Near the present-day city of Basra in Iraq, and about 12 kilometers southwest of the site of ancient Ur, is the site of Eridu (Eridug in Sumerian), the southernmost of all the great Mesopotamian cities and, according to the Sumerian King List, the oldest city in history.

The mound that housed ancient Eridu was identified in 1855 by British archaeologist John George Taylor, who conducted the initial excavations at the site now known as Tell Abu Shahrain.

Taylor found bricks with inscriptions that allowed him to identify the location as the ancient city of Eridu. British archaeologists conducted excavations between 1918 and 1919, but these were interrupted until after World War II.

Originally, Eridu was established near the mouth of the Euphrates, in a basin 24 kilometers long and 6 meters deep, bordered by rocky outcrops and on a natural hill formed by sand dunes where there were no previous settlements. Today, it is 145 kilometers inland.

During the third millennium BCE, a canal, the “Eridu Plain Canal”, connected the city to the Euphrates River, which later changed its course.

According to early historical records of Mesopotamia, such as the Sumerian King List, Eridu held the title of the “first city” for being founded before any other in the southern region of the country.

The Sumerian King List is a catalog of Mesopotamian kings found in various archaeological and documentary artifacts, with slight variations. It begins with mythical rulers before the flood, with incredibly long reigns, and extends to the Isin Dynasty around 1730 BCE. It states that kingship began in Eridu, making it the first city in the world:

After kingship descended from heaven, kingship was in Eridug. In Eridug, Alulim became king and ruled for 28,800 years. Alaljar ruled for 36,000 years.

In the tablet of the flood myth, found in nearby Ur, it is detailed how Eridu was originally chosen by the gods as the seat of the first royal priesthood under the mythical king Alulim. It was also considered the original abode of the god Enki and the cradle of civilization, bestowed by him upon humanity.

The Sumerian oral tradition, preserved in texts like the Epic of Gilgamesh, highlighted Eridu’s ancient wisdom embodied in its cultural hero Adapa, credited with bringing the arts of writing and governance to the city.

Excavations at Tell Abu Shahrain have revealed continuous human occupation since 5400 BCE, effectively confirming Eridu as one of the earliest Neolithic settlements in southeastern Mesopotamia.

The oldest levels of the Ubaid period (5400-4000 BCE) correspond to a large necropolis with about 1000 tombs and the remains of 16-17 successive temples dedicated to the god Enki. During the Uruk period (4000-3100 BCE), public buildings and defensive walls emerged.

In the Early Dynastic period (3100-2350 BCE), monumental royal palaces were constructed. Bricks with inscriptions of rulers from 2100 BCE confirm the religious importance of Eridu.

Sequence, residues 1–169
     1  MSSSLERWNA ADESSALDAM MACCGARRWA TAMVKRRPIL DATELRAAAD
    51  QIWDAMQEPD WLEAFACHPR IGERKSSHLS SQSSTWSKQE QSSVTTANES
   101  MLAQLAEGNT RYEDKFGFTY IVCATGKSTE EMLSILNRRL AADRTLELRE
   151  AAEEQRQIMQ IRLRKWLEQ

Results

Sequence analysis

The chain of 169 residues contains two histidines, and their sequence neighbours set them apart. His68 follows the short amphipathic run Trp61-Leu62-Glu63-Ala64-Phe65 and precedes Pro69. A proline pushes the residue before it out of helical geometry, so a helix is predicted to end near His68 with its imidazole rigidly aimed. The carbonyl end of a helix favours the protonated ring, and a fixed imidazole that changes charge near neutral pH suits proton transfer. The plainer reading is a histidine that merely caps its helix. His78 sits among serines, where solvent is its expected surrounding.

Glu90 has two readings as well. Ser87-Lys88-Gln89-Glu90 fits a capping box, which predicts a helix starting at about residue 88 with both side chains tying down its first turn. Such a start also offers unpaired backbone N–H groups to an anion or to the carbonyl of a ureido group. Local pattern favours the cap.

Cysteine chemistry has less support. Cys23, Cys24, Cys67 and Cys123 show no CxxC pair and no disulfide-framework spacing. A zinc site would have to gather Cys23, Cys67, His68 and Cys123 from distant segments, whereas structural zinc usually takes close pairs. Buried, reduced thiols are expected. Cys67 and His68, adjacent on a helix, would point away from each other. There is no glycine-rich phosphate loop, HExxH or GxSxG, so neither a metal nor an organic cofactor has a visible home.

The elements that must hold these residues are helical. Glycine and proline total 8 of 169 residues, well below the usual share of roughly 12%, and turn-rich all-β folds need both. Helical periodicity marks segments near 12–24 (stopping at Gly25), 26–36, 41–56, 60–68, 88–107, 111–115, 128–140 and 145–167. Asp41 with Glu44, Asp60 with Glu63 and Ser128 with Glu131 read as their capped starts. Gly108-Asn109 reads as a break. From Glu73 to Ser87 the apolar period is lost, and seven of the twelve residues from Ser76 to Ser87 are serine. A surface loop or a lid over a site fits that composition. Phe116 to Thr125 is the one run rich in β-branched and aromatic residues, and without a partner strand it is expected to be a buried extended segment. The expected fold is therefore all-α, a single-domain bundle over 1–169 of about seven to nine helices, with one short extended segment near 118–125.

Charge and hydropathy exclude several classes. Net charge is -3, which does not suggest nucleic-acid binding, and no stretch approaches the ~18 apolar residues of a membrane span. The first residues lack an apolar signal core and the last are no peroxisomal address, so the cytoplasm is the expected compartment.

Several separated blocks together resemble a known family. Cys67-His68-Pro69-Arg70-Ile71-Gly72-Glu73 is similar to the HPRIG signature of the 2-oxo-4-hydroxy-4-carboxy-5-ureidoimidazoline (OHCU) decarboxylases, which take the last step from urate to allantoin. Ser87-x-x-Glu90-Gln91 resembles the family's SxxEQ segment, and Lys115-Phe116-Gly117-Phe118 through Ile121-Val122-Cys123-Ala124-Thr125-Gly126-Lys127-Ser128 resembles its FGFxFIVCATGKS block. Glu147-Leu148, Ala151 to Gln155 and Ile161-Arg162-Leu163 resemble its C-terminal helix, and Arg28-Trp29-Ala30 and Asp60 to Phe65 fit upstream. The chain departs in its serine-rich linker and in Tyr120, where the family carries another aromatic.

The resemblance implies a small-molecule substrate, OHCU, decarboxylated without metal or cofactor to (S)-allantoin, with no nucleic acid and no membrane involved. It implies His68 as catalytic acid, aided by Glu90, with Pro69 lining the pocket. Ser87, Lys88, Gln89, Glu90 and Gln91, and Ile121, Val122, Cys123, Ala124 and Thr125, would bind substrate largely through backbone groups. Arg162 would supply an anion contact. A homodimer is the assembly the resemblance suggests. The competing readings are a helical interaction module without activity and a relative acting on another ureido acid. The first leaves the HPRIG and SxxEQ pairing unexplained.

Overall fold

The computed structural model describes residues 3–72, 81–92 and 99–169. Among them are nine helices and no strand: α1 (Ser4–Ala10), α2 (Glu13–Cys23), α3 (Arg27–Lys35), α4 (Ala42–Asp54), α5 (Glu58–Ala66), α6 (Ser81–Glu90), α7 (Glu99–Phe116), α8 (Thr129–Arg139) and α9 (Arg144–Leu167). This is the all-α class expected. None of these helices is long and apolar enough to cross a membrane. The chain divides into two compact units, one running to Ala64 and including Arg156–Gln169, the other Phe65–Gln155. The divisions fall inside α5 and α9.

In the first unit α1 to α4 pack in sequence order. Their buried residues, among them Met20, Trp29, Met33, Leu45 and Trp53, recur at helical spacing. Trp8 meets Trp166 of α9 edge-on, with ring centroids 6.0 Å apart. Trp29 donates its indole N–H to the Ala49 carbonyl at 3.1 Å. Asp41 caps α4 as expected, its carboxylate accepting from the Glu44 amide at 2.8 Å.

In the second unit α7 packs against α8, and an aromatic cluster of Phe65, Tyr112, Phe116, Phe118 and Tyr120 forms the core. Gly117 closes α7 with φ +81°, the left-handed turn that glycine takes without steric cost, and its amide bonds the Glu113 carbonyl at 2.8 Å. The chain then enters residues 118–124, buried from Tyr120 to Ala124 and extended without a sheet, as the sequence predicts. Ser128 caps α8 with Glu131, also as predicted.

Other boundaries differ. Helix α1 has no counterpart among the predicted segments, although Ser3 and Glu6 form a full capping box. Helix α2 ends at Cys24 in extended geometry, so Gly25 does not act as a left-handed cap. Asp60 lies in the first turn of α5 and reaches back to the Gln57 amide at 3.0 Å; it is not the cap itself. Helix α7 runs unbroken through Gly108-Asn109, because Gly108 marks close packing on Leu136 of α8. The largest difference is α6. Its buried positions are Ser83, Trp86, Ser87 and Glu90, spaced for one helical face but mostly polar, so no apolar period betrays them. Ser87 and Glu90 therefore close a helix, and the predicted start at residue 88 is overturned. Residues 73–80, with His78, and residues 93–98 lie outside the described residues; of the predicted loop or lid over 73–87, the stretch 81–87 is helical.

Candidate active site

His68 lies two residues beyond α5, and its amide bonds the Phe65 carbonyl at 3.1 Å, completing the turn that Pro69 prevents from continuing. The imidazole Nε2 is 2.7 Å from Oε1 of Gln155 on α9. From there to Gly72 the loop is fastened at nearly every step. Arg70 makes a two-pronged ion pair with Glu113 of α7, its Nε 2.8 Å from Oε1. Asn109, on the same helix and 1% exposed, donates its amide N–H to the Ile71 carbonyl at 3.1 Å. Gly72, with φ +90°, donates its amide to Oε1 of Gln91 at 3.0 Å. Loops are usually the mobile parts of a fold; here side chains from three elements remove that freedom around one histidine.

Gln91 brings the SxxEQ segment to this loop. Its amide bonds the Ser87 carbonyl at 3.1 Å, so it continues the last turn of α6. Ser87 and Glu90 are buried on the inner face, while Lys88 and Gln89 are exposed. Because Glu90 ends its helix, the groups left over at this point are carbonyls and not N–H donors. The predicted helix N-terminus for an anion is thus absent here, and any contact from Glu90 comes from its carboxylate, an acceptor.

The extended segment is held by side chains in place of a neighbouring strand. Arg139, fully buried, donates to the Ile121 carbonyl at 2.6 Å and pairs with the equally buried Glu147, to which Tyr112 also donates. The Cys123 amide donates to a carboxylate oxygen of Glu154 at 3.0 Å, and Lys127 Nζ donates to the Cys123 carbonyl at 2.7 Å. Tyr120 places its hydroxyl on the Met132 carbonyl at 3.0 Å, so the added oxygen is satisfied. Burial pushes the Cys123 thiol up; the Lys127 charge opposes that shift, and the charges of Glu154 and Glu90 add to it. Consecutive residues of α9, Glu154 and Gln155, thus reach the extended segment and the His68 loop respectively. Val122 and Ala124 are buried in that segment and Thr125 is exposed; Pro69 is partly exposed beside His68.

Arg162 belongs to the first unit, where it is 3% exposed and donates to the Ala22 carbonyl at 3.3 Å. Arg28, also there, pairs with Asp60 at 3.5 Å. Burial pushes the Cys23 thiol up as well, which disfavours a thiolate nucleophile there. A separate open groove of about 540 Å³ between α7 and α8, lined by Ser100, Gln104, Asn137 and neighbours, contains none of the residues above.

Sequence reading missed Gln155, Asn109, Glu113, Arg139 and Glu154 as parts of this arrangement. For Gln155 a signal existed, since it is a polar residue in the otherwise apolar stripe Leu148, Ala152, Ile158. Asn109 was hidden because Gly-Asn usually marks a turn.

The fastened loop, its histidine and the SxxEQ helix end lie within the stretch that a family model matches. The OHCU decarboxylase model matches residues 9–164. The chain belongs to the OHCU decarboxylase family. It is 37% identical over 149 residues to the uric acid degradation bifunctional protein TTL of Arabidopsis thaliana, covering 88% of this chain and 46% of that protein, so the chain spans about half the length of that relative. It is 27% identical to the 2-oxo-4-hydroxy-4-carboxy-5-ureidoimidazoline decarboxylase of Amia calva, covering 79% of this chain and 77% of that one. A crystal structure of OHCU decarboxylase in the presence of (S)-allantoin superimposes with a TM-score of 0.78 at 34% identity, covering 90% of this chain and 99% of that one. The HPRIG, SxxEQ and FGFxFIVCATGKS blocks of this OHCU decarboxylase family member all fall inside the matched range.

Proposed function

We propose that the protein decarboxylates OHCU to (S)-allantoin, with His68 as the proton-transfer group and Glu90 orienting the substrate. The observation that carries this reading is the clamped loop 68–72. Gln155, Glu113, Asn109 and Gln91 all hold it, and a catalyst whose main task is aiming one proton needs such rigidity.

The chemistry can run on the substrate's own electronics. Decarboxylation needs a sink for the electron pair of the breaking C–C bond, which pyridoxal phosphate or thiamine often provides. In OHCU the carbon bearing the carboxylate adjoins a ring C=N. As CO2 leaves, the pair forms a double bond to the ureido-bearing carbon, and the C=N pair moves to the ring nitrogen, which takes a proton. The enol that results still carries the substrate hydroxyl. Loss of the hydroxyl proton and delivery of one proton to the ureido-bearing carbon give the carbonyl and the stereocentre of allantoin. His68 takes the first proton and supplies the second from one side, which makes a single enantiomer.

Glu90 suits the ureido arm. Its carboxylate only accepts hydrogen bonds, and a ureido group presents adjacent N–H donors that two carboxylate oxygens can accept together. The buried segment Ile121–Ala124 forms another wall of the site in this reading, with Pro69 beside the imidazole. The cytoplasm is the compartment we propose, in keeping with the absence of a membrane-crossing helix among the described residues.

The urban core revolved around the main temple of Enki, called E-Abzu or the “House of the Aquifer”, identifiable by its foundations of shells, corals, and gypsum. It was later reconstructed as a ziggurat by King Ur-Nammu around the 21st century BCE.

Mythological accounts tell how Inanna, the goddess of the city of Uruk, had to go to Eridu to receive the gifts of civilization, and thus, the center of power shifted to Uruk. The “Lament for Eridu” poetically narrates the loss of the city’s influence:

Its king stayed out of his city as if it were a foreign city. He wept bitter tears. Father Enki stayed out of his city as if it were a strange city. He wept bitter tears. For the sake of his damaged city, he wept bitter tears. His lady, like a flying bird, left her city. The mother of E-maḫ, the holy Damgalnuna (wife of Enki), left her city. The divine powers of the city of the most holy divine powers were overthrown. The divine powers of the rites of the greatest divine powers were altered. In Eridug, everything was reduced to ruin, plunged into chaos

The site remained an active sanctuary until 600 BCE when it was definitively abandoned, likely due to the increased salinity caused by continuous irrigation, according to Assyriologist Leo Oppenheim. It happened rapidly, and almost overnight, the city was buried under large sand dunes.

Eridu represents a foundational milestone in civilization, identified by mythological tradition as the primordial place where the gods granted humanity the foundations of sedentary and urban life.

In 2019, excavations at Eridu were resumed through a joint effort involving Italian, French, and Iraqi teams, with the participation of the University of Rome La Sapienza and the University of Strasbourg.


This article was first published on our Spanish Edition on December 22, 2023. Puedes leer la versión en español en Eridu, la primera ciudad de la historia según las fuentes mesopotámicas

Sources

The Sumerian king list: translation (The Electronic Text Corpus of Sumerian Literature) | The lament for Eridug (ETCSL) | Harriet E. W. Crawford, Sumer and the Sumerians | Gwendolyn Leick, Mesopotamia: La Invención de la Ciudad | Wikipedia


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